Communist societies are characterized by centrally planned economies, where the state controls all means of production. This top-down approach concentrates power in the hands of a few, resulting in a lack of economic freedom and opportunity.
The absence of competition and the inability to respond to market demands ultimately hinder economic growth. Without market mechanisms, pricing signals, and competition, resource allocation becomes inefficient and wasteful.
One of the most glaring drawbacks of communism is the erosion of individual freedom. It places control in the hands of the state, limiting personal autonomy and infringing upon basic rights. Under communist rule, citizens are subject to strict regulations, censorship, and surveillance, which impede personal development and stifles creativity.
Moreover, the lack of economic freedom denies individuals the ability to make choices that align with their preferences and aspirations.
One of the major problems with communism lies in its disregard for the power of economic incentives. By suppressing individual motivations, it eliminates the driving force behind innovation, creativity, and hard work.
In a communist system, where everyone is entitled to an equal share, there is no incentive to excel or take risks. This lack of motivation stifles productivity, hampers technological advancements and ultimately leads to economic stagnation.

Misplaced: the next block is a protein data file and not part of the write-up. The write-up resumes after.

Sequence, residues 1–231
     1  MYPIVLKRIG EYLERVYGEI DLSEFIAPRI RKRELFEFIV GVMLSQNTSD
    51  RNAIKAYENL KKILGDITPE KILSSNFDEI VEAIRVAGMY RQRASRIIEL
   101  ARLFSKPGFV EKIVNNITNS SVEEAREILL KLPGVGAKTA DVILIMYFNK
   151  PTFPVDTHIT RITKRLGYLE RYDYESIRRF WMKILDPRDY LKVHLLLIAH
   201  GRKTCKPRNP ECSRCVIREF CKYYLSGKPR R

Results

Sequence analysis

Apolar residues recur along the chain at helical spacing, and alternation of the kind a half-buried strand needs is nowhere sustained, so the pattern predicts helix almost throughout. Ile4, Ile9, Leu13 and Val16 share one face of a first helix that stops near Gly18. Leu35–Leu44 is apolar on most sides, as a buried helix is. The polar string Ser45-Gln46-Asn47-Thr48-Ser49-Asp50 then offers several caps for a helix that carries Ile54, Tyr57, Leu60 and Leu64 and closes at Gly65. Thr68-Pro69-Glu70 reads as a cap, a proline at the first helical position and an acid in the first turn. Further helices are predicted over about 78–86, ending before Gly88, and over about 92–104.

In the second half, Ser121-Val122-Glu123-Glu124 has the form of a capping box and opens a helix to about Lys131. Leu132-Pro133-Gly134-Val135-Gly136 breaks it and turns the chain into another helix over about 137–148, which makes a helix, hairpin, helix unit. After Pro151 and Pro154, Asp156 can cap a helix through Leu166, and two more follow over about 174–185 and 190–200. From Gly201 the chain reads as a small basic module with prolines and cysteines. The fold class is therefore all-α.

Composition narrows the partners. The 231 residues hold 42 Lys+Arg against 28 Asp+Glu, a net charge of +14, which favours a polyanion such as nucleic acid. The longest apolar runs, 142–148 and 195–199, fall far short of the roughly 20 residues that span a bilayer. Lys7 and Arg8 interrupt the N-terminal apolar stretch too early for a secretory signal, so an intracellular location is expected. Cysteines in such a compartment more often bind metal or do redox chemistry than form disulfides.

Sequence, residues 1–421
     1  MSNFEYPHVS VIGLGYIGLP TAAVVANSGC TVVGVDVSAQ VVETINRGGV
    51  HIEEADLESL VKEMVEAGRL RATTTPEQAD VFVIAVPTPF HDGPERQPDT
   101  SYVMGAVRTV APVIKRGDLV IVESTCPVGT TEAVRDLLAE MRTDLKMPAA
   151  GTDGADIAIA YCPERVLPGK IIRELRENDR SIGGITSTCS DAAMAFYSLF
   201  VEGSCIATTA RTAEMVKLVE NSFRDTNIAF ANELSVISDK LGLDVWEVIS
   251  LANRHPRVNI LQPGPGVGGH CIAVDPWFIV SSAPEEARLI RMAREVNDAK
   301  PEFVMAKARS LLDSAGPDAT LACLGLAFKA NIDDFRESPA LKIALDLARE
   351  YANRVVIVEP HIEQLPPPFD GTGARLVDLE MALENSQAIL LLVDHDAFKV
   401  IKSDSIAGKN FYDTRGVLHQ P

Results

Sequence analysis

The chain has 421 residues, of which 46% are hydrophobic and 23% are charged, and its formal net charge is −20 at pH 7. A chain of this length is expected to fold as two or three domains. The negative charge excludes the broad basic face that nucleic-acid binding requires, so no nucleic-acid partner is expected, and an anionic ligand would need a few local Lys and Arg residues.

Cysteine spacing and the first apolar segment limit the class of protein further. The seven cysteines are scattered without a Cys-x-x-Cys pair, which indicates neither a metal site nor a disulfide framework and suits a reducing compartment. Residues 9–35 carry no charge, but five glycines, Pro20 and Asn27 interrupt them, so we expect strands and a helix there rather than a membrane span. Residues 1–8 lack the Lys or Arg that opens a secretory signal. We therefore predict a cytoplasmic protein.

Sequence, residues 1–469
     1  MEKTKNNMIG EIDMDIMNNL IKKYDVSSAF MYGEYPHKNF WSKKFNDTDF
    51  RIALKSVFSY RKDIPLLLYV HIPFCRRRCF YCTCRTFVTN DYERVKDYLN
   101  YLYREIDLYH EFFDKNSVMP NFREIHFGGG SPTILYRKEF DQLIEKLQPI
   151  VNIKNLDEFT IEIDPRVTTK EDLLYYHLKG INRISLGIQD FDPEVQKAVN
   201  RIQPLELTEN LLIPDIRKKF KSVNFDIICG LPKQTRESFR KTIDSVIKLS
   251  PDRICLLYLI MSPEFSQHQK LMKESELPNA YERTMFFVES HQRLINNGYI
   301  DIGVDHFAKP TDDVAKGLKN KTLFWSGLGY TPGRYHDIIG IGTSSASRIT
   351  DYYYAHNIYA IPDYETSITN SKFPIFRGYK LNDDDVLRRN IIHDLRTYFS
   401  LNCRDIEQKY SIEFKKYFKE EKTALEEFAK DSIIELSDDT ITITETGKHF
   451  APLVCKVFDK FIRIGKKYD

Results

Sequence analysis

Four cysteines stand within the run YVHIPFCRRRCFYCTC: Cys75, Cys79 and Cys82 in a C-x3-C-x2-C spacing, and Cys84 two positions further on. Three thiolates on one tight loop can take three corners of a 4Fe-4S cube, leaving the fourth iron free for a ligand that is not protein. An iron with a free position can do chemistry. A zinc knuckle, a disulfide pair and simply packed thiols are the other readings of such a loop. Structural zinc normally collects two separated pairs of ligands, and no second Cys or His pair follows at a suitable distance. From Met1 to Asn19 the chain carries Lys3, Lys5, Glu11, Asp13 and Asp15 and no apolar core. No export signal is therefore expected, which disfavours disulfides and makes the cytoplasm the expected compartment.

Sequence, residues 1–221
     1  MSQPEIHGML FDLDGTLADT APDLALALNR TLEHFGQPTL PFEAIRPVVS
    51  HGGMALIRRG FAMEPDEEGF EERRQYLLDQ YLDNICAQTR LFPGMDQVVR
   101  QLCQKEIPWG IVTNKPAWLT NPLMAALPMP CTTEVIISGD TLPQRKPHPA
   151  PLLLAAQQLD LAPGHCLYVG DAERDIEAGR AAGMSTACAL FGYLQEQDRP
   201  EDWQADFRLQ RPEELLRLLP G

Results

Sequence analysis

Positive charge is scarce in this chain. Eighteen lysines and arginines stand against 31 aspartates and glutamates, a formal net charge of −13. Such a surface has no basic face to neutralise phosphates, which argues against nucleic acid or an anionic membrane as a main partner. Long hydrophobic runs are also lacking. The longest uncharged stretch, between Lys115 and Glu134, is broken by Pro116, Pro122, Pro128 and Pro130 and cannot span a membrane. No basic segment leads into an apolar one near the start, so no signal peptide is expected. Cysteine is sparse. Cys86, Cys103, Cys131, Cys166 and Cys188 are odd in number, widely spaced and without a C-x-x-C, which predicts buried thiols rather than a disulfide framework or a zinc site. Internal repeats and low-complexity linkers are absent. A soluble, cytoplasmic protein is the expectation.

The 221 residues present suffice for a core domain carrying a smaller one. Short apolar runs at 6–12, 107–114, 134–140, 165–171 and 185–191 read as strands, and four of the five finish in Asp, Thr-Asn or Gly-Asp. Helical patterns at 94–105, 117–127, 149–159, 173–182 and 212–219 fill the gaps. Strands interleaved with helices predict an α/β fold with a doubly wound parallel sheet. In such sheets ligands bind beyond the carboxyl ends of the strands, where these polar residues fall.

Communism incorrectly assumes that humans are naturally altruistic and will work zealously for the greater good of society. However, history has repeatedly demonstrated that this assumption is flawed.
While acts of selflessness do exist, individuals are primarily driven by their self-interests. Communism fails to acknowledge these fundamental characteristics, leading to a mismatch between theory and practice.
The system also neglects the fact that humans possess different skills, abilities, and levels of ambition, which cannot be successfully homogenized under a communist regime.
The free market, with its system of supply and demand, efficiently allocates resources based on consumers’ needs and preferences. In contrast, communism eliminates market mechanisms, leading to the misallocation of resources, excessive bureaucracy, and inefficiency.
Without the dynamic balance of supply and demand, communist countries struggle to meet the diverse needs of their citizens. This often results in chronic shortages, rationing and a decrease in overall living standards.
Communism’s inherent disregard for private property rights leads to the misuse and degradation of resources. When no individual owns and has responsibility over a particular resource, it experiences the tragedy of the commons.
The tragedy of the commons is an economic problem where the individual, out of self-interest, over-consumes a public resource (also known as a common) at the expense of society, thus resulting in under-investment and total depletion of a shared resource.
Therefore, in a communist country, in the absence of incentives for preservation and development, resources are often exploited, overused, or neglected, ultimately resulting in environmental degradation and a scarcity of vital resources needed for prosperity.